Inspections, Compliance, Enforcement, and Criminal Investigations

TaperAid 1/11/18

 

  

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DEPARTMENT OF HEALTH 
AND HUMAN SERVICES
FOOD AND DRUG ADMINISTRATION
SILVER SPRING, MD 20993 
UNITED STATES OF AMERICA
FEDERAL TRADE COMMISSION
BUREAU OF CONSUMER PROTECTION
WASHINGTON, D.C. 20580 

 

WARNING LETTER
 
 
VIA OVERNIGHT DELIVERY
RETURN RECEIPT REQUESTED
 
January 11, 2018                                           
 
Richie Ogulnick
2405 NW 31st Terrace
Gainesville, FL 32605-2730
 
 
RE: 542770
 
 
Dear Mr. Ogulnick:                                                                                       
                                   
This is to advise you that the U.S. Food and Drug Administration (FDA) reviewed your website at the Internet address, www.taperaid.com, in December 2017 and has determined that you take orders for the products “TaperAid” and “TaperAid Complete.”  FDA also reviewed your social media website at www.facebook.com/TaperAid. The claims on your websites establish that these products are drugs under section 201(g)(1)(B) of the Federal Food, Drug, and Cosmetic Act (the Act) [21 U.S.C. 321(g)(1)(B)] because they are intended for use in the cure, mitigation, treatment, or prevention of disease. As explained further below, introducing or delivering these products for introduction into interstate commerce for such uses violates the Act. You may find the Act and FDA regulations through links on FDA’s home page at www.fda.gov. In addition, the Federal Trade Commission has reviewed your marketing claims for your “TaperAid” products for potential violations of Sections 5 and 12 of the FTC Act, 15 U.S.C. §§ 45(a) and 52.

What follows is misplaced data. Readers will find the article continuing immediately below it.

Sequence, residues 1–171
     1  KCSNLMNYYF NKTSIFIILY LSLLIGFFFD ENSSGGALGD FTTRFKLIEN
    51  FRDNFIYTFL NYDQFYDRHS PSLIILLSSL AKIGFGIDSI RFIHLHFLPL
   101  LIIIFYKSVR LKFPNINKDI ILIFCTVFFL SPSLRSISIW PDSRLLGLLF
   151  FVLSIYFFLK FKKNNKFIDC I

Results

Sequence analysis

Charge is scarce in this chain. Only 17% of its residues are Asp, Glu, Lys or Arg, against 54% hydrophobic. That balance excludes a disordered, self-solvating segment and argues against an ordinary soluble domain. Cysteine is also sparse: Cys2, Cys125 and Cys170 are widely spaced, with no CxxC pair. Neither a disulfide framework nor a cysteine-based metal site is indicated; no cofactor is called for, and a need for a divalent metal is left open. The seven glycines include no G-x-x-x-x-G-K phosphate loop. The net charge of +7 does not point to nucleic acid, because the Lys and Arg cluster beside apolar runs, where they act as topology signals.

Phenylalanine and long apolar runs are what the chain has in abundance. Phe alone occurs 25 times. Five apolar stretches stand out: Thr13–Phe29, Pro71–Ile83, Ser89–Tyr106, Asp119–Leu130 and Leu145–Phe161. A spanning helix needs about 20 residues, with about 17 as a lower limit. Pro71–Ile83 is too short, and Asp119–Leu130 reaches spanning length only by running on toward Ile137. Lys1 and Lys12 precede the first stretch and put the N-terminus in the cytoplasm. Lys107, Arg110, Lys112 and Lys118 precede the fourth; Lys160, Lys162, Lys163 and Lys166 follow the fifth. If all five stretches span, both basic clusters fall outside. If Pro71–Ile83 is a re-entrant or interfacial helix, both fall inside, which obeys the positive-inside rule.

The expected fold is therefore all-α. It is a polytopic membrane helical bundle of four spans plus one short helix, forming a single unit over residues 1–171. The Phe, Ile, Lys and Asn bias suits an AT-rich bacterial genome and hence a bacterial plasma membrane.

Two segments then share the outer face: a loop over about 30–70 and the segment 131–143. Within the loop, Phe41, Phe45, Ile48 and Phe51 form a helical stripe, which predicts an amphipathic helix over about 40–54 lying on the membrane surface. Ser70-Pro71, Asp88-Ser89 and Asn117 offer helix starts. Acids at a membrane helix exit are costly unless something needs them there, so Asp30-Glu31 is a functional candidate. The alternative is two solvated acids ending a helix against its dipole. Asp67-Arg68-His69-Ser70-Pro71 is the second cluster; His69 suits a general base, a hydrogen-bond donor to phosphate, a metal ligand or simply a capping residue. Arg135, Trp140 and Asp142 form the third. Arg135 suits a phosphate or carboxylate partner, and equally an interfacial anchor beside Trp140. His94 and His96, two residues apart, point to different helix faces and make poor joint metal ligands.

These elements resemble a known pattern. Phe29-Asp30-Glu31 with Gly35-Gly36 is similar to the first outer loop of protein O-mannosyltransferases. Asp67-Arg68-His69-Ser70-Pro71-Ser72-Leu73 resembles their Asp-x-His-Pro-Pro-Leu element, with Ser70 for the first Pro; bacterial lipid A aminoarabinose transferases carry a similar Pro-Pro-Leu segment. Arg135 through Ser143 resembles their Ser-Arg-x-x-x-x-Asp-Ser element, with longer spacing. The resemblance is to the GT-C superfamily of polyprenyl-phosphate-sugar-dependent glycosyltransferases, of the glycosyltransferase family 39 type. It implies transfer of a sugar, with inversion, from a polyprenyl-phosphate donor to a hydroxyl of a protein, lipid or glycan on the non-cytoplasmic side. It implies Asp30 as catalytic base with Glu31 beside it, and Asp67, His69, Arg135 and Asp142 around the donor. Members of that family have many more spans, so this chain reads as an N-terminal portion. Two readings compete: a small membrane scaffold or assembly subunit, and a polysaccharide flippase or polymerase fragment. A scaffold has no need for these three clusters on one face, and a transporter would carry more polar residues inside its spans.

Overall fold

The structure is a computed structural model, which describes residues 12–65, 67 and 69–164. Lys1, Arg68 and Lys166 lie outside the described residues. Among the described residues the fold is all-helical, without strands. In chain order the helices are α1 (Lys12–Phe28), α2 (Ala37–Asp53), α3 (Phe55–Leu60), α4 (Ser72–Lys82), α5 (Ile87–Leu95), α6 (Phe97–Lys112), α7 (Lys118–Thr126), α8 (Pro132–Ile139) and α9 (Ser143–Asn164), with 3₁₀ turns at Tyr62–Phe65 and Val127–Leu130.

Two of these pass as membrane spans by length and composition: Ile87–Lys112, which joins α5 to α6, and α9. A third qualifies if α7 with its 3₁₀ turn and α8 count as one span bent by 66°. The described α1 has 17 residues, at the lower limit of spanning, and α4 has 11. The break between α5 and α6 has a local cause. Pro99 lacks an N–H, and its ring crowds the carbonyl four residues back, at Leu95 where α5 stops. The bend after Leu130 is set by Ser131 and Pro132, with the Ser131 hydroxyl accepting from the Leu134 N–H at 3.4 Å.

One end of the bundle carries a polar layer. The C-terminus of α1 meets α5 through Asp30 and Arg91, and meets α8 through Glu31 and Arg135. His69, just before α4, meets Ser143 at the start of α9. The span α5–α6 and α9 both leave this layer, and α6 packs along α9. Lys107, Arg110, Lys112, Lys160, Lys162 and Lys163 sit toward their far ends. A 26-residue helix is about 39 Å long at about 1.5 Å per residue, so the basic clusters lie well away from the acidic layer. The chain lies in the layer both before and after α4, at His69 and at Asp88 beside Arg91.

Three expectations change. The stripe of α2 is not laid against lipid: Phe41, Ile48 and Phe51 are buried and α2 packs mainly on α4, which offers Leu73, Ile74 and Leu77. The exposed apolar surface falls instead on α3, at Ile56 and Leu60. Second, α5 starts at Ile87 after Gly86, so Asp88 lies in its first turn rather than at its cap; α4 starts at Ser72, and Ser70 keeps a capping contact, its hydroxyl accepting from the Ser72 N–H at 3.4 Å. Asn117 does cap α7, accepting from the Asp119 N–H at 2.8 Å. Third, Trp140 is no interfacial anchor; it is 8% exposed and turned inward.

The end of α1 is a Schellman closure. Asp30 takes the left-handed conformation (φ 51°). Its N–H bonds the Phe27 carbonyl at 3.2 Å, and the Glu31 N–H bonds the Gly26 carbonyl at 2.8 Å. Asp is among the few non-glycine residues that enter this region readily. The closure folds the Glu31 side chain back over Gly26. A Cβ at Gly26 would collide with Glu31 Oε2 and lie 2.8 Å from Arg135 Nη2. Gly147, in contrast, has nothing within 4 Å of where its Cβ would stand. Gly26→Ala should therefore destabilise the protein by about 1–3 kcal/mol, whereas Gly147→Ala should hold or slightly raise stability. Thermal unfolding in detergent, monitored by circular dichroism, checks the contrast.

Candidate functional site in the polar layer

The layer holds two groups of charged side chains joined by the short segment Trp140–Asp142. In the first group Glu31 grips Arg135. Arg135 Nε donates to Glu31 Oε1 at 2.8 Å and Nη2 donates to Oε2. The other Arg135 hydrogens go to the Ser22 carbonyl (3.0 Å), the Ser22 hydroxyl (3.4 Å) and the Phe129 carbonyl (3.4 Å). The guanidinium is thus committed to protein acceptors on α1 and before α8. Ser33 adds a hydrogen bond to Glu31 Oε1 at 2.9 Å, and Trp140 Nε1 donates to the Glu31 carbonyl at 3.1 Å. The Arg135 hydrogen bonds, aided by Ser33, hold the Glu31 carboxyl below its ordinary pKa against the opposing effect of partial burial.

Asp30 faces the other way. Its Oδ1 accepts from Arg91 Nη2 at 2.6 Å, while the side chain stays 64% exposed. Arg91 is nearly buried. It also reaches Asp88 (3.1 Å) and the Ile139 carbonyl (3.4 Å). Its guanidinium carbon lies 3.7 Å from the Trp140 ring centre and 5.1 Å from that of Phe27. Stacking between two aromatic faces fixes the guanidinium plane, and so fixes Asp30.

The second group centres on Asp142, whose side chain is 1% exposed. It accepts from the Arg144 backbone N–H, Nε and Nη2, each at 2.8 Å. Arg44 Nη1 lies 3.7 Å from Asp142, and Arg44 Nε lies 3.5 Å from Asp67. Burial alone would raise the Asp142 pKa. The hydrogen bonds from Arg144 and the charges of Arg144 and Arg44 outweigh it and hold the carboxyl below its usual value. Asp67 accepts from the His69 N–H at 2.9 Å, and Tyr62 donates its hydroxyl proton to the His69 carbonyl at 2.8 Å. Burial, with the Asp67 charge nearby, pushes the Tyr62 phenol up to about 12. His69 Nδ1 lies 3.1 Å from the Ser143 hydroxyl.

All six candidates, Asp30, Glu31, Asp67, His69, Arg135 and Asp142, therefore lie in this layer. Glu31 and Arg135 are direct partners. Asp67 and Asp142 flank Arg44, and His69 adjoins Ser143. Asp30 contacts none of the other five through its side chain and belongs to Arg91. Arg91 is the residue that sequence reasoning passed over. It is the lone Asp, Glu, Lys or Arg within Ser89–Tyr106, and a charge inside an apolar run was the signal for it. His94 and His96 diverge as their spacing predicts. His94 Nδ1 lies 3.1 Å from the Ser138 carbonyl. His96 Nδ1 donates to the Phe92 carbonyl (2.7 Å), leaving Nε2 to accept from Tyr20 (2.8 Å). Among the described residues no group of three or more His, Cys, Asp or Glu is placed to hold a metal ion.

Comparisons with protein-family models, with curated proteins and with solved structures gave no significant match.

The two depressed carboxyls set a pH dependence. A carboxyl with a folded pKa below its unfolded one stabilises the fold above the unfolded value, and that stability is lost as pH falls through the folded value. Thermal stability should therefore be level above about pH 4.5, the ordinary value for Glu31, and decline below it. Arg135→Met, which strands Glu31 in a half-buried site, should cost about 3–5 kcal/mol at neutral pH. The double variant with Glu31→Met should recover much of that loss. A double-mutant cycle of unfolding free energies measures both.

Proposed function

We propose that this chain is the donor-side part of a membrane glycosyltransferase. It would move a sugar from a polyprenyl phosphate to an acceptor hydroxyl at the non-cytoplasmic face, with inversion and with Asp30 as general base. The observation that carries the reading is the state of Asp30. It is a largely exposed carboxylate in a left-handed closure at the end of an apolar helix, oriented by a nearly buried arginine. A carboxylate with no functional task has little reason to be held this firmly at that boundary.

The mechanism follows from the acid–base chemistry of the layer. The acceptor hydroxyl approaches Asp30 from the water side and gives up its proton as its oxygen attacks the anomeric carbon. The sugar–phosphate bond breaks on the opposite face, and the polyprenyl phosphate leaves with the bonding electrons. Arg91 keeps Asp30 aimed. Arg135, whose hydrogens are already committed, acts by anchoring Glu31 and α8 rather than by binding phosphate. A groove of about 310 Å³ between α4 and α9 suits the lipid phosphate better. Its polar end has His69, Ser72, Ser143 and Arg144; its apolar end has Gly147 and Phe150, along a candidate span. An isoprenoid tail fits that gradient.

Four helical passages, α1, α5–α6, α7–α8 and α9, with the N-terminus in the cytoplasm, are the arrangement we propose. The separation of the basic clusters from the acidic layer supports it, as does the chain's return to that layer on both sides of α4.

Examples of some of the claims observed on your websites that provide evidence your products are intended for use as drugs include the following:
 
TaperAid